In fact, USDA is so interested in what you are doing with animals it proposed to require a report on the 15th and 30th of each month. In that report the USDA wanted to know the owner's name, the owner's address, IP addresses, seller's name, seller's address, and "…other information as deemed appropriate…"
USDA APHIS ever mindful of possible legal problems with an enthusiastic contractor does declare "due to entrapment and possible legal issues the scope of this contract does not allow for the contractor to set up false sales…"
You get the picture. USDA obviously has too much money, too many employees and certainly not enough lawyers. This 40 page proposal is a truly astounding document and would appear to violate the Federal Privacy Act 5 USC 552 a.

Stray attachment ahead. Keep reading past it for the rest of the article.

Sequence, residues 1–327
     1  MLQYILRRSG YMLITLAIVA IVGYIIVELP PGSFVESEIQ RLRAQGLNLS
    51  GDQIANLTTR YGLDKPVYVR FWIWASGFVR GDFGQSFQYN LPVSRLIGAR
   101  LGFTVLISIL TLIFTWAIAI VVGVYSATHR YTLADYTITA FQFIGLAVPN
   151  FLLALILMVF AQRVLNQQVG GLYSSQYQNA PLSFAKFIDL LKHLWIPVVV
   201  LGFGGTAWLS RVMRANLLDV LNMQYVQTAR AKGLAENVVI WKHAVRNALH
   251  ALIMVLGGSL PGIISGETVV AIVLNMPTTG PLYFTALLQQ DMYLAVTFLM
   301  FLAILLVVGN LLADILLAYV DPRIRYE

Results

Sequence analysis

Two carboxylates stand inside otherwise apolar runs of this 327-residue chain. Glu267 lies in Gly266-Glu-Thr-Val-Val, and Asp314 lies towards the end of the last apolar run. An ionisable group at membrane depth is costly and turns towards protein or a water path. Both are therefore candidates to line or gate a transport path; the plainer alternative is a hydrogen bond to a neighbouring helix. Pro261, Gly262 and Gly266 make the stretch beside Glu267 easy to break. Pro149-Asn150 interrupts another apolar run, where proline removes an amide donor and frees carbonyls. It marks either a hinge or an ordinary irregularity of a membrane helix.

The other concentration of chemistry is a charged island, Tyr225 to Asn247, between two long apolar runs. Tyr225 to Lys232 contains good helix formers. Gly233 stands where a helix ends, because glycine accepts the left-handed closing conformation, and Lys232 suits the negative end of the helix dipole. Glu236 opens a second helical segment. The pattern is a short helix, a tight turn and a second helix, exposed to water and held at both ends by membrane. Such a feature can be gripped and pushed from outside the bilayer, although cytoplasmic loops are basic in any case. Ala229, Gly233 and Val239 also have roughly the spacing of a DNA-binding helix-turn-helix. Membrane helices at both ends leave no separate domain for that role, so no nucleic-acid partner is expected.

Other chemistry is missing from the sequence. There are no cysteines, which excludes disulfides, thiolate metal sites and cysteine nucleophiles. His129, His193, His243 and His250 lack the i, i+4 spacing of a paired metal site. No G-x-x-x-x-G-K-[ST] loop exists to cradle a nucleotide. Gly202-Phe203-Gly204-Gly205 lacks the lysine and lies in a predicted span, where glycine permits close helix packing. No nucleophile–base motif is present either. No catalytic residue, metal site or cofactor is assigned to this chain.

Because it appears the USDA APHIS staff in Minneapolis has little or no regard for the Federal Privacy Act, I hope they will read the Privacy Act and note it requires that USDA "…maintain no record describing how any individual exercises rights guaranteed by the First Amendment." One final requirement of the Federal Privacy Act which may be of interest to the USDA spies is that the Federal Privacy Act requires USDA to "inform each individual whom it asks to provide information (a) the authority, (b) the principal purpose, (c) the routine uses, and (d) the effects of not providing it."
Maybe on April 5th a USDA adult read this USDA spy proposal and realized the consequences of this proposal ending up on the front page of the Washington Post!
Gary H. Baise is an Illinois farmer and trial attorney at the law firm Olsson Frank Weeda Terman Bode Matz PC. Specializing in ag and environmental issues, he also serves as outside General Counsel for the U.S. Grains Council, Agricultural Retailers Association, National Association of Wheat Growers, and National Sorghum Producers.